Montparnasse Meets 2nd Avenue

The individual who followed our book club instructions to the letter deserves a gold star for taking her copy of this month's book, Memoirs of Montrparnasse by John Glassco to Paris with her as reading material. Still bleary-eyed from her flight (having just landed hours before) she said she took immense pleasure in retracing Glassco’s steps and visiting some of his favorite haunts. One of the few of members to finish the book - granted she had a few spare hours on the plane - she gave Glassco’s memoirs its most glowing review. We raised our glasses to this dedicated book club member for bringing us such fresh experiences from Paris.
In their review of his book, The UK Independent paints a pretty accurate description. “In 1929 John Glassco was 19 and in Paris. A Canadian expat with no contacts and no resources, except for brains, a colossal dose of chutzpah and the self-confidence of youth, he set about storming the citadels of the literary scene. In a mere 18 months he had met everyone who was anyone. But this is much more than a succession of celebrity vignettes. It is a record of youth lived as it should be lived – a continuous round of debauchery, heavy drinking, frenzied sexual activity and earnest, erudite discussion about literature.”
Naturally, this book generated much heated discussion. The room was divided between those who were enchanted by Glassco’s musings and those slightly put off by what they felt were clearly an older man’s embellishments and romanticising of the past. There’s nothing like a little healthy literary discussion to work up one’s appetite. We started our meal with an appetizer of petites Gougères with Arugula and Apple Smoked Bacon served with an onion relish – gougères are fast becoming a house favourite at the shop. This is a lovely recipe from the classic Zuni Café by Judy Rogers. For the main course guests enjoyed a fall classic from Cooking for Me and Sometimes You, Roast Pork Tenderloin with Apple Cider Sauce served with roasted root vegetables and followed by a Frisée Salad with Roasted Walnuts and Roquefort Dressing. While it may have lacked the debauchery and excess of one of Glassco's nights on the town, a lovely evening was had by all.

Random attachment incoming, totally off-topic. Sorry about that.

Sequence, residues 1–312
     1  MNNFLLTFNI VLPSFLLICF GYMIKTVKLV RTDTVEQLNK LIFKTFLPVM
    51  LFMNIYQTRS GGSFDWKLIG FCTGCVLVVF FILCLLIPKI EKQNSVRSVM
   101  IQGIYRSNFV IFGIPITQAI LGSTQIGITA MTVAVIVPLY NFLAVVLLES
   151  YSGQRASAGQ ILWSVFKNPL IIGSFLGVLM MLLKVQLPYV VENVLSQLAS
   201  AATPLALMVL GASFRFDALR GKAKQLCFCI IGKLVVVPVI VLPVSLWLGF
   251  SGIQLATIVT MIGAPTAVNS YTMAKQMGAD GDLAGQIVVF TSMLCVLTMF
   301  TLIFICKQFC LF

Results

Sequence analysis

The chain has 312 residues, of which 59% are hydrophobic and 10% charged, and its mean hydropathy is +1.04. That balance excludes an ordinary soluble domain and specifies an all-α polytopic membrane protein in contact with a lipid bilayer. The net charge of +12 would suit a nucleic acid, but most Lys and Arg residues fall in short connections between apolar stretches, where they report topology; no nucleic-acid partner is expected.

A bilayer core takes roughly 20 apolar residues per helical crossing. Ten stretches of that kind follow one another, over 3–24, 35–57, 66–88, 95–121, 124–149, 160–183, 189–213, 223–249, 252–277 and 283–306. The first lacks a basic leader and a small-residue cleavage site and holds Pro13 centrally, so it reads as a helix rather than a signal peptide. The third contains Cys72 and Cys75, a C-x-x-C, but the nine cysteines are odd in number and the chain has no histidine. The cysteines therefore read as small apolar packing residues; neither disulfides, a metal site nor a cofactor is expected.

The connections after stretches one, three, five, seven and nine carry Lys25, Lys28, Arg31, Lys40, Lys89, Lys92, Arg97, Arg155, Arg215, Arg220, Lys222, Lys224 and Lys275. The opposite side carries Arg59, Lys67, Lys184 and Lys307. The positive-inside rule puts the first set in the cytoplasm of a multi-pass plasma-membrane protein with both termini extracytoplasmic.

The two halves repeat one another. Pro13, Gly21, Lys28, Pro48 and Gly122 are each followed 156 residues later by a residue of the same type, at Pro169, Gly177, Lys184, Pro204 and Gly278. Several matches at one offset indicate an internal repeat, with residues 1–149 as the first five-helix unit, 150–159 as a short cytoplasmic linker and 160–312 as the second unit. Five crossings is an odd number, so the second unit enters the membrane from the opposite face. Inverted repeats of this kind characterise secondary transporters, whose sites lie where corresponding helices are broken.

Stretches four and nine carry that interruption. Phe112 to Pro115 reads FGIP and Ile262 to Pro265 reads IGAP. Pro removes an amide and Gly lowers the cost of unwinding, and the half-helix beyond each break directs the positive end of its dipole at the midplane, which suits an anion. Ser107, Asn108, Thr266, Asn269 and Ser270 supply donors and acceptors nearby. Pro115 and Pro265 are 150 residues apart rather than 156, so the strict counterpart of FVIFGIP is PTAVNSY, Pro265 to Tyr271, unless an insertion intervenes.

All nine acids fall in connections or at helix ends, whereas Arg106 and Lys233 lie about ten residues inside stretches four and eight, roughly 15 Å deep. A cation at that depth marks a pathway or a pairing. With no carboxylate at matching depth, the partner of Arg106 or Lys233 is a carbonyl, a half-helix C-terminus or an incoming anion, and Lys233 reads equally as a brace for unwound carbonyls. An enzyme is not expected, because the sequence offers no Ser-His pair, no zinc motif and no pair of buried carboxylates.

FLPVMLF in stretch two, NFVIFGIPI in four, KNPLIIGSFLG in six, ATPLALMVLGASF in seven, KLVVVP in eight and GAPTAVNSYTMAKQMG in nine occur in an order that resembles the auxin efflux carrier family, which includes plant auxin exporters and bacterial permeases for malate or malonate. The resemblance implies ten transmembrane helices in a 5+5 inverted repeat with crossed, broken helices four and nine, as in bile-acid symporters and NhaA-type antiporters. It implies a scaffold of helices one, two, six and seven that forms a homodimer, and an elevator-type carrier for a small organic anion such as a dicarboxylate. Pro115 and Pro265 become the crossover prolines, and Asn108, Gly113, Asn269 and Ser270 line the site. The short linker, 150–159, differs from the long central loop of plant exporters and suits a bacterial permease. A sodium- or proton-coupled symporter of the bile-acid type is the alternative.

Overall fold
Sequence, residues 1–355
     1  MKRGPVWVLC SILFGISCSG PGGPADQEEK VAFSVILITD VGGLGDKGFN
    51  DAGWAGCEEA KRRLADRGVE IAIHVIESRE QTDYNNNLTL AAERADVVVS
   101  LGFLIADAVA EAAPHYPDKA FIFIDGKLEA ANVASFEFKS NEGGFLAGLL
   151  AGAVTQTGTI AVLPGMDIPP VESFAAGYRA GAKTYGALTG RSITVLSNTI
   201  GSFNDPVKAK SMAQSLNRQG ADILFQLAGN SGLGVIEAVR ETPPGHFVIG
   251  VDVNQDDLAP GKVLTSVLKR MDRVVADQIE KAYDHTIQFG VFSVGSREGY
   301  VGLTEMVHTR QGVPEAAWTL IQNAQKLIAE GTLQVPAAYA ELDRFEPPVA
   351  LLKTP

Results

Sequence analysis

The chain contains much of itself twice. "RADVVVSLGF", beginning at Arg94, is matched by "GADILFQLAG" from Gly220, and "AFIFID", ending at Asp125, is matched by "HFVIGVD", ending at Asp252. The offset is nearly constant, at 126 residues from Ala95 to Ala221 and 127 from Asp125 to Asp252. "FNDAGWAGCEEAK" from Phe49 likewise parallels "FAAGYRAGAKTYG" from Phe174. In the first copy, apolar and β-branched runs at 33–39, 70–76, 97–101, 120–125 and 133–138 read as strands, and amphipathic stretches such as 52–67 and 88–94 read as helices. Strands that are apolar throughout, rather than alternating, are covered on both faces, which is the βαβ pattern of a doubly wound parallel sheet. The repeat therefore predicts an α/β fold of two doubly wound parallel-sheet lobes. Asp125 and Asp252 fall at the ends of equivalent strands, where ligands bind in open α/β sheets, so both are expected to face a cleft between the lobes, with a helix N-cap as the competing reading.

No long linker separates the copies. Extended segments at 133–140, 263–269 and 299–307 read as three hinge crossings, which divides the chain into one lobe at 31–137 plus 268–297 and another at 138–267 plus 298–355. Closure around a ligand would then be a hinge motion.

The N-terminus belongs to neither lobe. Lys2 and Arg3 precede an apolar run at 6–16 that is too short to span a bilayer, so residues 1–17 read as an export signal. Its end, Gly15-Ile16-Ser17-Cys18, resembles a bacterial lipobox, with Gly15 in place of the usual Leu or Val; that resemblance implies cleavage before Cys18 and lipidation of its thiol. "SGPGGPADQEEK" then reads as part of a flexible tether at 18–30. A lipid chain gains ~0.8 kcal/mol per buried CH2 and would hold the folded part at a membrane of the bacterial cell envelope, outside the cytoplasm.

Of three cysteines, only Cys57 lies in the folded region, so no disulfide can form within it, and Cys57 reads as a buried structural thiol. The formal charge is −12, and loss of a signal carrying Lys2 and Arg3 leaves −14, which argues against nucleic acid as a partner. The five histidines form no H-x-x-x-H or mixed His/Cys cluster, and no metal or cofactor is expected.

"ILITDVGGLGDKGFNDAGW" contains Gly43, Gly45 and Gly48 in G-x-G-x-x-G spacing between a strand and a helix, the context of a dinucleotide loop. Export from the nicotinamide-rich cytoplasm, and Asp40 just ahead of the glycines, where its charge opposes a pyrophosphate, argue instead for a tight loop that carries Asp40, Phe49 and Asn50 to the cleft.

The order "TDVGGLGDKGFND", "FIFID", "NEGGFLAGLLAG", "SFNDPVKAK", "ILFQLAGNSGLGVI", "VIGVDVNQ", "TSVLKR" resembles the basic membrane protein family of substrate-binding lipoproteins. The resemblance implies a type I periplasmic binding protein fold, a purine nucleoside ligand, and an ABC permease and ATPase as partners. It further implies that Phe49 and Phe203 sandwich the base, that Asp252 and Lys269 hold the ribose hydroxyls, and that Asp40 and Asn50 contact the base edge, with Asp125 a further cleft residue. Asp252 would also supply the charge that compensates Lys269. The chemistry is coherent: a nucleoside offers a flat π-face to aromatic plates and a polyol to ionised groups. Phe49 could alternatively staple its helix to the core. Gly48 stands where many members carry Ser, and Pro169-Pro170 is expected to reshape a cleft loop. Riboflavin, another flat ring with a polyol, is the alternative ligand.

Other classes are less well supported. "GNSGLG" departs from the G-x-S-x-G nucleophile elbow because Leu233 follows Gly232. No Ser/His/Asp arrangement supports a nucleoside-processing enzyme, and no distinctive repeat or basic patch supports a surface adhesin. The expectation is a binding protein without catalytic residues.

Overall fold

To end the evening on a sweet note, Mark filled our tea cups with a refreshing Fig and Honey Pannacotta (see recipe below) from the Michel Roux's new cookbook,  Michel Roux Desserts.

fig and honey pannacotta
serves 6-8

1 1/2 sheets leaf gelatin
1 1/4 cups (300 ml) heavy cream
1 cup (200 ml) milk
1/4 cup honey, or 1/2 cup (80 g) sugar
2 vanilla beans split lengthwise
3 ripe fresh figs, sliced into fine circles

Soak the gelatin in cold water to cover for about 5 minutes. Heat the cream, milk, honey or sugar, and vanilla beans in a pan, stirring from time to time until the mixture almost reaches a boil, then remove from heat. Immediately drain the gelatin and squeeze out excess water, then add to the creamy milk, stirring until completely melted. 
Strain the mixture through a fine strainer or chinois into a bowl. Stand in a larger bowl filled with ice cubes and a little water to cool quickly, stirring from time to time, until it is nearly cold.
Meanwhile, arrange fig slices around the sides of 6-8 individual glass bowls or cups (measuring @8 cm across), making sure they adhere; save 6 - 8 slices for decoration. Carefully pour in the pannacotta mixture, ensuring it covers the figs. Refrigerate until set, at least 2 hours, or overnight if preparing ahead. (Note: Since we served our pannacotta in our little tea cups we skipped this step and simply served sliced figs alongside in the saucer.)